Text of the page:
Petrogenesis of Cenozoic, alkalic volcanic lineages at Mount
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TitlePetrogenesis of Cenozoic, alkalic volcanic lineages at Mount Morning, West Antarctica and their entrained lithospheric mantle xenoliths: Lithospheric versus asthenospheric mantle sourcesAbstractTwo volcanic lineages are identified at Mount Morning, a Cenozoic to recent, eruptive centre in the Ross Sea, West Antarctica, which is part of the McMurdo Volcanic Group. Both the older (at least 18.7-11.4Ma), mildly alkalic, nepheline- or quartz-normative Mason Spur Lineage, and the younger (at least 6-0.02Ma), nepheline normative, strongly alkalic Riviera Ridge Lineage evolved by fractional crystallization from nominally anhydrous (<0.5wt% H2O) parental magmas. Both lineages are analogous to other, relatively anhydrous lineages in the McMurdo Volcanic Group and distinctly different from those in which kaersutite is present on the liquid line of descent. Sub-continental lithospheric mantle (SCLM) xenoliths entrained in Riviera Ridge lineage rocks show trace element and isotopic Sr-Nd-Pb variation that is consistent with four-component mixing whereby depleted mantle has been refertilised by enriched, HIMU-like and Nb-enriched (carbonatite) components. Refertilization may have occurred c. 530-490Ma ago when fluids derived from subduction associated with Gondwanaland amalgamation infiltrated the SCLM. Similar trace element and isotope variation (Sr-Nd-Pb) in Mount Morning basaltic rocks and entrained xenoliths suggests that the source for the basaltic magmas lies (at least in part) in the lithospheric mantle. It has long been recognized that Cenozoic volcanic rocks in Antarctica (Victoria Land - including Mount Morning - and Marie Byrd Land), Zealandia and eastern Australia share common chemical and isotopic source characteristics and they have been argued to collectively constitute a single diffuse alkaline magmatic province (DAMP). Source characteristic similarities suggest DAMP volcanic rocks inherit at least some of their trace element and isotopic characteristics from the lithospheric mantle. Super-chondritic Nb/Ta values measured in some SCLM xenoliths and volcanic rocks at Mount Morning, and in volcanic rocks across the DAMP, can be explained by addition of ≤5wt% carbonatite to the source. The DAMP SCLM is a significant Nb reservoir that offers an explanation for the Nb paradox. © 2013.AcknowledgementsDamian Walls and Brent Pooley at Otago University are thanked for help in XRF analysis and sample preparation. Adam Martin was supported by an Antarctica New Zealand (New Zealand Post) Antarctic scholarship and a University of Otago award from the Department of Geology. Antarctica New Zealand is thanked for logistic support. Roland Maas is thanked for Sr-Nd-Pb analysis and selected whole rock trace element analyses. Andreas Audétat at Bayerisches Geoinstitut is thanked for assistance with mineral analysis. Candace Martin and Mike Palin are thanked for assistance with trace element analysis. The authors thank Kurt Panter, Andreas Stracke and Carsten Münker for constructive reviews and Steve Shirey for editorial handling and assistance.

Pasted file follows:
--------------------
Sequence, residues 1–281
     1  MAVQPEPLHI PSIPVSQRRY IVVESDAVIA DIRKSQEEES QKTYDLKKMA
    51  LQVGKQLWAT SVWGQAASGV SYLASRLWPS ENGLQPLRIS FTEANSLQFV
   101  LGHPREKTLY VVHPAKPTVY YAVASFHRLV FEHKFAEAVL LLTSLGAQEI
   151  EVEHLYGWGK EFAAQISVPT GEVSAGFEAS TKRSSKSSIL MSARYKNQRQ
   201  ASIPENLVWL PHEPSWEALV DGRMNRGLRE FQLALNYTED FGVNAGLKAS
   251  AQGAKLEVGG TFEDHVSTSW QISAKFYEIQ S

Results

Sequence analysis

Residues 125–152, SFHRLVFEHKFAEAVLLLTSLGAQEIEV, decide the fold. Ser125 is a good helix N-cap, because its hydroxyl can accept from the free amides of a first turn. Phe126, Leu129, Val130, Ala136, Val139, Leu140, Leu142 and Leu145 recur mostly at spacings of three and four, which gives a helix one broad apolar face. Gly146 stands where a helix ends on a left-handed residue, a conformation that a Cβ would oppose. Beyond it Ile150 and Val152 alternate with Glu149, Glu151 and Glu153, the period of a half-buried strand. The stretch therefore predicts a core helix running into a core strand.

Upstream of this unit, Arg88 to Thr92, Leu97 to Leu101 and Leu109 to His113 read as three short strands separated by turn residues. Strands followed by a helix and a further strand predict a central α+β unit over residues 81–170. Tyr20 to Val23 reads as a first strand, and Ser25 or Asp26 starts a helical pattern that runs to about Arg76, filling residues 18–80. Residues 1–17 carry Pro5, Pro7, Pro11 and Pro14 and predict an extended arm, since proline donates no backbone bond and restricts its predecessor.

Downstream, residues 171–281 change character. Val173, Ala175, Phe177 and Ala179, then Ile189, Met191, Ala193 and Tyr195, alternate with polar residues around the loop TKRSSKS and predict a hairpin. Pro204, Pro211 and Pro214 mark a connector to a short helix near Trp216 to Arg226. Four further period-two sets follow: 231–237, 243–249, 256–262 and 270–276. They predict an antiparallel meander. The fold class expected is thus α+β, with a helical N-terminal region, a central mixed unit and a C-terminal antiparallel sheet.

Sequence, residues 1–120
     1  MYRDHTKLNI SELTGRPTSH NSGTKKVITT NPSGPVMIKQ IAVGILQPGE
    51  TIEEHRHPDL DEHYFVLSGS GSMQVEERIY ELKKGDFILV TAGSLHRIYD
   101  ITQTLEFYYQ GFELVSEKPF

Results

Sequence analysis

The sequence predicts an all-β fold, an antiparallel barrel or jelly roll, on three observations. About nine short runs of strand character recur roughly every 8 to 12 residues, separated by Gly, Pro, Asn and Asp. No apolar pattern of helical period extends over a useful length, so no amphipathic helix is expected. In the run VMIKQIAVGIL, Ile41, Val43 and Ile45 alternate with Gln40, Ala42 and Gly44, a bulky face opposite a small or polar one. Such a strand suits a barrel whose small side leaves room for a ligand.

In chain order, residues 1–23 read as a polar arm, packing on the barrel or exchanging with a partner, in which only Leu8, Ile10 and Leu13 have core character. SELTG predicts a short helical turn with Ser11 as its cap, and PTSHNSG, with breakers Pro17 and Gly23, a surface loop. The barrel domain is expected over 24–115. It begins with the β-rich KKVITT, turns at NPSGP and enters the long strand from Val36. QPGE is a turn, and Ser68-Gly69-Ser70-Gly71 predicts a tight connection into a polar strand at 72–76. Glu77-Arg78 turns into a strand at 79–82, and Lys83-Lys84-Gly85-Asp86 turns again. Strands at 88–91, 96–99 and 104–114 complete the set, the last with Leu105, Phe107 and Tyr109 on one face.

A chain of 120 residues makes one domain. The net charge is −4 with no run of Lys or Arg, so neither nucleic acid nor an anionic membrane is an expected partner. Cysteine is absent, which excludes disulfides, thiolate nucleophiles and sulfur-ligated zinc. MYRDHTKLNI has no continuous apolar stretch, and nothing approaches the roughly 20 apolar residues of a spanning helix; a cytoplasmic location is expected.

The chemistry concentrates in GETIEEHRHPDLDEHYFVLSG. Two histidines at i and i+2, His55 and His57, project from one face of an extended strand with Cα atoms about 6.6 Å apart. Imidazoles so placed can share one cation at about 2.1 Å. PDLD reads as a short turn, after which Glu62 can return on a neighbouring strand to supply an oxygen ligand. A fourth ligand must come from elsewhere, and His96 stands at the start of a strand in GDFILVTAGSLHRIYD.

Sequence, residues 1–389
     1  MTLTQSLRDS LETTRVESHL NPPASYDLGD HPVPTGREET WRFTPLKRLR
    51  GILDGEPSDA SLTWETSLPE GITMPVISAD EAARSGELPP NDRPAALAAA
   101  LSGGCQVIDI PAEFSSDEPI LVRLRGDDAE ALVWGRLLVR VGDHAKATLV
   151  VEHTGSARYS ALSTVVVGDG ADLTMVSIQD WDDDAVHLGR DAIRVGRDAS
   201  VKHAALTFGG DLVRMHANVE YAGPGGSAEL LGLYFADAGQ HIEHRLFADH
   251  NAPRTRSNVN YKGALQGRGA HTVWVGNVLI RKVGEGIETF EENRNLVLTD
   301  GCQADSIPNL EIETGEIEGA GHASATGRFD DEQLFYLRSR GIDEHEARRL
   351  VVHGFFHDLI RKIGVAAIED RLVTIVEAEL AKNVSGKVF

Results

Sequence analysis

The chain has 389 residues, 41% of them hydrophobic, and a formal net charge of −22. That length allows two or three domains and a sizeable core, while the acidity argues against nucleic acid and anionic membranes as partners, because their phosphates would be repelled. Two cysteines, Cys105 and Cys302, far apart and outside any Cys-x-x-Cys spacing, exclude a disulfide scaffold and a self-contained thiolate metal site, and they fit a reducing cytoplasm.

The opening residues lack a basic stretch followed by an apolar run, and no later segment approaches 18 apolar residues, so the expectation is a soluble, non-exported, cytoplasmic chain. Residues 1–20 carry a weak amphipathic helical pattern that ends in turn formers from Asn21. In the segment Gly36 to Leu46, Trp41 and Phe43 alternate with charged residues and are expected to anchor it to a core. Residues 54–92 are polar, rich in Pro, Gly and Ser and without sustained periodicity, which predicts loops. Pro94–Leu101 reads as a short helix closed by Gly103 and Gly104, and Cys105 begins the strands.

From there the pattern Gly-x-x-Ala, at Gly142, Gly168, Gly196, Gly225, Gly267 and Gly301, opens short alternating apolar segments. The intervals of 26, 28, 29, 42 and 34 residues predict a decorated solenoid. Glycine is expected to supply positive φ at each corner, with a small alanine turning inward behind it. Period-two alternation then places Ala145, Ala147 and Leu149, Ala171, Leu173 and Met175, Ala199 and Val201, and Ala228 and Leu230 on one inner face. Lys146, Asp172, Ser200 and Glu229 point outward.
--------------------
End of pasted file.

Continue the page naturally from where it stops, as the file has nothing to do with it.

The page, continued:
1st AuthorMartin, A.AuthorMartin, A.Cooper, A.Price, R.Year2013JournalGeochimica et Cosmochimica ActaVolume122Pages127-152DOI10.1016/j.gca.2013.08.025URLhttps://www.scopus.com/inward/recor.....739291f1110526b44694fb0a5KeywordsasthenospherebasaltCenozoicfractional crystallizationGondwanaigneous geochemistryisotopic compositionlead isotopelithospheric structuremagmamantle sourceneodymium isotopenephelinepetrogenesisstrontium isotopetrace elementvolcanic rockxenolith, AntarcticaEast AntarcticaMount MorningRoss SeaSouthern OceanWest Antarctica, rank5
TypeArticleCitationMartin, A., Cooper, A. and Price, R. (2013). Petrogenesis of Cenozoic, alkalic volcanic lineages at Mount Morning, West Antarctica and their entrained lithospheric mantle xenoliths: Lithospheric versus asthenospheric mantle sources. Geochimica et Cosmochimica Acta, 122:127-152 doi:10.1016/j.gca.2013.08.025
Antarctica NZ (26th Nov 2018). Petrogenesis of Cenozoic, alkalic volcanic lineages at Mount . In Website Antarctica NZ. Retrieved 8th Mar 2021 11:26, from https://adam.antarcticanz.govt.nz/nodes/view/63650